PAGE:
The structure of a yeast RNA-editing deaminase provides insight into the fold and function of activation-induced deaminase and APOBEC-1.Xie, K., Sowden, M.P., Dance, G.S., Torelli, A.T., Smith, H.C., Wedekind, J.E.
(2004) Proc Natl Acad Sci U S A 101: 8114-8119
- PubMed: 15148397
- DOI: 10.1073/pnas.0400493101
- Primary Citation of Related Structures:
- PubMed Abstract:
- Activation induced deaminase: the importance of being specific
Smith, H.C., Bottaro, A., Sowden, M.P., Wedekind, J.E.
(2004) Trends Genet 20: 224
- Messenger RNA editing in mammals: new members of the APOBEC family seeking roles in the family business
Wedekind, J.E., Dance, G.S., Sowden, M.P., Smith, H.C.
(2003) Trends Genet 19: 207
- Identification of the Yeast Cytidine Deaminase CDD1 as an Orphan C-to-U RNA Editase
Dance, G.S., Beemiller, P., Yang, Y., Mater, D.V., Mian, I.S., Smith, H.C.
(2001) Nucleic Acids Res 29: 1772
- APOBEC-1 Dependent Cytidine to Uridine Editing of Apolipoprotein B RNA in Yeast
Dance, G.S., Sowden, M.P., Yang, Y., Smith, H.C.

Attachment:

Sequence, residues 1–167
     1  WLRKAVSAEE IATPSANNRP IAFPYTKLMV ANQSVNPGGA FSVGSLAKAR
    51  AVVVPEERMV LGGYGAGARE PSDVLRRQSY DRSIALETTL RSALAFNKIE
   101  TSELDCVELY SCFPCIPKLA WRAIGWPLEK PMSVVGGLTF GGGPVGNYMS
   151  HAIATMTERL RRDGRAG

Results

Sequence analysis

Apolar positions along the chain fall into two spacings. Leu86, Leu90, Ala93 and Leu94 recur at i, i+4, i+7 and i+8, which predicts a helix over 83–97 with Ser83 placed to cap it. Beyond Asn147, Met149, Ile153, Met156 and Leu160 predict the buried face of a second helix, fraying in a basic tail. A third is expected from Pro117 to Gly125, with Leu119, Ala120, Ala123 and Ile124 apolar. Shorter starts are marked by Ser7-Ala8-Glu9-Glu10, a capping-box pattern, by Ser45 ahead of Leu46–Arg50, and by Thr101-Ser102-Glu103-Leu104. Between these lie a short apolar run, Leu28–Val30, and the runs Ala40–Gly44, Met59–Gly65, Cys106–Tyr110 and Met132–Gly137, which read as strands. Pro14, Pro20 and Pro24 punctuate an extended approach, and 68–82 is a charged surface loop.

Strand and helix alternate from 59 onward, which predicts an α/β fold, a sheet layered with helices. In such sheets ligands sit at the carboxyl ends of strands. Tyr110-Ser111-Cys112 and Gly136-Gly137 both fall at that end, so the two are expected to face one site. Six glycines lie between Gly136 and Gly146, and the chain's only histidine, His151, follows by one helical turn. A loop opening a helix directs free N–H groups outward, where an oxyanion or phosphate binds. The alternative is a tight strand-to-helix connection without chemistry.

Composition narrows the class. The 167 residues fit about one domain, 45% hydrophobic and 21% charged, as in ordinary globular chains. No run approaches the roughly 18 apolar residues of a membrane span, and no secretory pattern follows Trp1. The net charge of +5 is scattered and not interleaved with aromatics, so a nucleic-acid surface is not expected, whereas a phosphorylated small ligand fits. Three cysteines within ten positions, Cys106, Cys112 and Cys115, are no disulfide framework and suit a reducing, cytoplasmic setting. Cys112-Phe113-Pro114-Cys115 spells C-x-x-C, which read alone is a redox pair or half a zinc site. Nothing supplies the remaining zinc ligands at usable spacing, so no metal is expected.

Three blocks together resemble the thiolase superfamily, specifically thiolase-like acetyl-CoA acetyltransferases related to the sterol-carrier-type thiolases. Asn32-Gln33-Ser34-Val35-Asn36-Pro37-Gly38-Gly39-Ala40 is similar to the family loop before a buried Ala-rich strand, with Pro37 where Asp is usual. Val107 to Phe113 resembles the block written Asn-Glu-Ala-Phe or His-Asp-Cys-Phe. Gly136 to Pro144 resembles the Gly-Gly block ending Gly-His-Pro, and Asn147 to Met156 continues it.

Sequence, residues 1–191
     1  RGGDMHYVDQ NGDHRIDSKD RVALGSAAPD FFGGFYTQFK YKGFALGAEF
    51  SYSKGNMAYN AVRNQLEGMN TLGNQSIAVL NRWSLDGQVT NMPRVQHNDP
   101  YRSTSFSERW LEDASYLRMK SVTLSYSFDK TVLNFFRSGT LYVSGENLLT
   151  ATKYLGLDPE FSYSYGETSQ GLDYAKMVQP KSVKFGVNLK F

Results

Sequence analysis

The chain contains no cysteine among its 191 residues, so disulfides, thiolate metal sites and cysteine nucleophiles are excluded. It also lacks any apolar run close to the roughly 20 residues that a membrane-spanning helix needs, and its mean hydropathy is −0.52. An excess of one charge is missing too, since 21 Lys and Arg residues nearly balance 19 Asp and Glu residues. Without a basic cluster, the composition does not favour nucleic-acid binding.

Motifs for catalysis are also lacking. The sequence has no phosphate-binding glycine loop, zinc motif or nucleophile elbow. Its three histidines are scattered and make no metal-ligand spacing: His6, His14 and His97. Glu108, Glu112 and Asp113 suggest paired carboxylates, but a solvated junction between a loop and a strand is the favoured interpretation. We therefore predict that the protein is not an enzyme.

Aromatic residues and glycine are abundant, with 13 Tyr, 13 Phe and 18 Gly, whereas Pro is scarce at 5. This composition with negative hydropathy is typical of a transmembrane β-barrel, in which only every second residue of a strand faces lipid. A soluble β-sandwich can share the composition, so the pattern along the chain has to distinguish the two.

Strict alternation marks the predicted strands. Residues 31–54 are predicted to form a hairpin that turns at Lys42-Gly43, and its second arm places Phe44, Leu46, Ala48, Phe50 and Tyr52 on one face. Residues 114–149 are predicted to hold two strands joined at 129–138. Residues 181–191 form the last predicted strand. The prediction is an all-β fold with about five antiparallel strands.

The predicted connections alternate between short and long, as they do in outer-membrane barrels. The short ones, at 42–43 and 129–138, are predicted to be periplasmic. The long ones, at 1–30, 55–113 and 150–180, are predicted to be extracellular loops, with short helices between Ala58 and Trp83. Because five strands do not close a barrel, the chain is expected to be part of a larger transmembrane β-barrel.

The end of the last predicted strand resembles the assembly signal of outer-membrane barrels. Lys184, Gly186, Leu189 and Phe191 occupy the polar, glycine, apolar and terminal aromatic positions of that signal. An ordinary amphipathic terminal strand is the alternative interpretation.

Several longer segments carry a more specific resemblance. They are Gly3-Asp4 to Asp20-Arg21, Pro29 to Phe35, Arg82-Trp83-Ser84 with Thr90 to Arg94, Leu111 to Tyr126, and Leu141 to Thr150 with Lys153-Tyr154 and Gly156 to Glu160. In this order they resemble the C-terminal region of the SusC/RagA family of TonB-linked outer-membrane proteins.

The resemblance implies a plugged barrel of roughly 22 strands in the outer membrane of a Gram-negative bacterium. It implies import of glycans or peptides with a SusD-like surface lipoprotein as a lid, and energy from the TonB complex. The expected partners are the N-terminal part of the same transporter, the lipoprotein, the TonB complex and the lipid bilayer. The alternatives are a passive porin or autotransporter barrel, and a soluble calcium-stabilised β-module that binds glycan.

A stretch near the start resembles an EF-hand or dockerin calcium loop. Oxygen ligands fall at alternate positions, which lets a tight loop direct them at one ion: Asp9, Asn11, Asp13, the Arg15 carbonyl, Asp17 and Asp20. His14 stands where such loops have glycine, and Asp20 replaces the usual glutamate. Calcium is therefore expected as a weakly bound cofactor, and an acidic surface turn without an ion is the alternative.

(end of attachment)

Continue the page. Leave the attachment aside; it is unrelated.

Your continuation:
(2000) Nucleic Acids Res 28: 424
Activation-induced deaminase (AID) uses base deamination for class-switch recombination and somatic hypermutation and is related to the mammalian RNA-editing enzyme apolipoprotein B editing catalytic subunit 1 (APOBEC-1). CDD1 is a yeast ortholog of ...
Activation-induced deaminase (AID) uses base deamination for class-switch recombination and somatic hypermutation and is related to the mammalian RNA-editing enzyme apolipoprotein B editing catalytic subunit 1 (APOBEC-1). CDD1 is a yeast ortholog of APOBEC-1 that exhibits cytidine deaminase and RNA-editing activity. Here, we present the crystal structure of CDD1 at 2.0-A resolution and its use in comparative modeling of APOBEC-1 and AID. The models explain dimerization and the need for trans-acting loops that contribute to active site formation. Substrate selectivity appears to be regulated by a central active site "flap" whose size and flexibility accommodate large substrates in contrast to deaminases of pyrimidine metabolism that bind only small nucleosides or free bases. Most importantly, the results suggested both AID and APOBEC-1 are equally likely to bind single-stranded DNA or RNA, which has implications for the identification of natural AID targets.
Department of Biochemistry and Biophysics, University of Rochester School of Medicine and Dentistry, Rochester, NY 14642, USA.